In very disappointing news proper tail calls are out of ES4. It seems that a justification for tail calls could not be found. For example, here is Adobe's position on tail calls:
A more serious point is that we can't avoid adding tail calls at some point if we cater to the functional
programming crowd. However, if we really intend to cater to them then we need to provide data structures that
are functional too, like lists and operations on them—unlike ES arrays, which are entirely imperative. Of course
users can implement those data structures themselves, if they have tail calls, but right now just adding tail calls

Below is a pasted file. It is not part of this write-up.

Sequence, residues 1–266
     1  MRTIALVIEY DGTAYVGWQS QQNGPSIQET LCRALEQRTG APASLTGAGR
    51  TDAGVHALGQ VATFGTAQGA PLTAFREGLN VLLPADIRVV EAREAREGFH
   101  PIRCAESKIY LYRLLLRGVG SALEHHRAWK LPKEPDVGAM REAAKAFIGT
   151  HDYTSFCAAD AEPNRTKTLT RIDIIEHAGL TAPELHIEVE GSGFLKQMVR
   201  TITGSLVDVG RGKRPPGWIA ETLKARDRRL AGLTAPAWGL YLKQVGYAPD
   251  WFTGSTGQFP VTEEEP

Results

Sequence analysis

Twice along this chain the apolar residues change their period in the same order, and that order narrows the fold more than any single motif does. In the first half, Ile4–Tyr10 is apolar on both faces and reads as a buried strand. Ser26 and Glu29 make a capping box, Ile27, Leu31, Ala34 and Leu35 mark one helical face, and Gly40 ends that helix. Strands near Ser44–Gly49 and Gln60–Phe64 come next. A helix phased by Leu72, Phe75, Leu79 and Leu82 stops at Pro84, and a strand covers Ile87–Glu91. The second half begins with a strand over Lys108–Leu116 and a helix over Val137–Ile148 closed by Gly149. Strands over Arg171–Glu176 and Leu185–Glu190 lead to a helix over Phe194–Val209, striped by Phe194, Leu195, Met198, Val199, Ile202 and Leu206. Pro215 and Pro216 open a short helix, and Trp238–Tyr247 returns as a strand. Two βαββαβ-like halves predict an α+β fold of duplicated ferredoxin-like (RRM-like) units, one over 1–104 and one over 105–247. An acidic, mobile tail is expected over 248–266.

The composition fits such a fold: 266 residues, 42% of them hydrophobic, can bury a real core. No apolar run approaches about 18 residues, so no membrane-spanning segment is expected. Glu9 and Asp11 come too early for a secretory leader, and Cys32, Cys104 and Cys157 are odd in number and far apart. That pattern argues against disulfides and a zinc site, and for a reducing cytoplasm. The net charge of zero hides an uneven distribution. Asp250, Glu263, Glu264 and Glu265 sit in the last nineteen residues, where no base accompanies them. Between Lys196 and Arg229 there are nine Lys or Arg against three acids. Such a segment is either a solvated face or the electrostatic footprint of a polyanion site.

“for functional programming” seems like a half solution.
Finally, tail calls preclude the use of straightforward implementation techniques for procedure calls. To be sure
they are less limiting than generators, as one-shot continuations or longjumps are sufficient to handle tail calls in
a non-tail-calling implementation language, but implementations that want good-performance tail calls must
necessarily switch to a code generation technique.
This seems misguided. The user can implement functional data structures but not tail calls (without whole program transformation), so the later are much more valuable than the former. Furthermore, as a functional programmer I'm quite happy to use mutable data structures but I would certainly miss tail calls. Finally, every JS implementation is already shifting to code generation because straightforward implementation techniques are too slow for the existing idioms used in JS code.
The ES4 Wiki still indicates that tail calls are in, so perhaps they'll yet make it. For laughs you might want to look at the Ecmascript progress spreadsheet. Apple sure don't like change.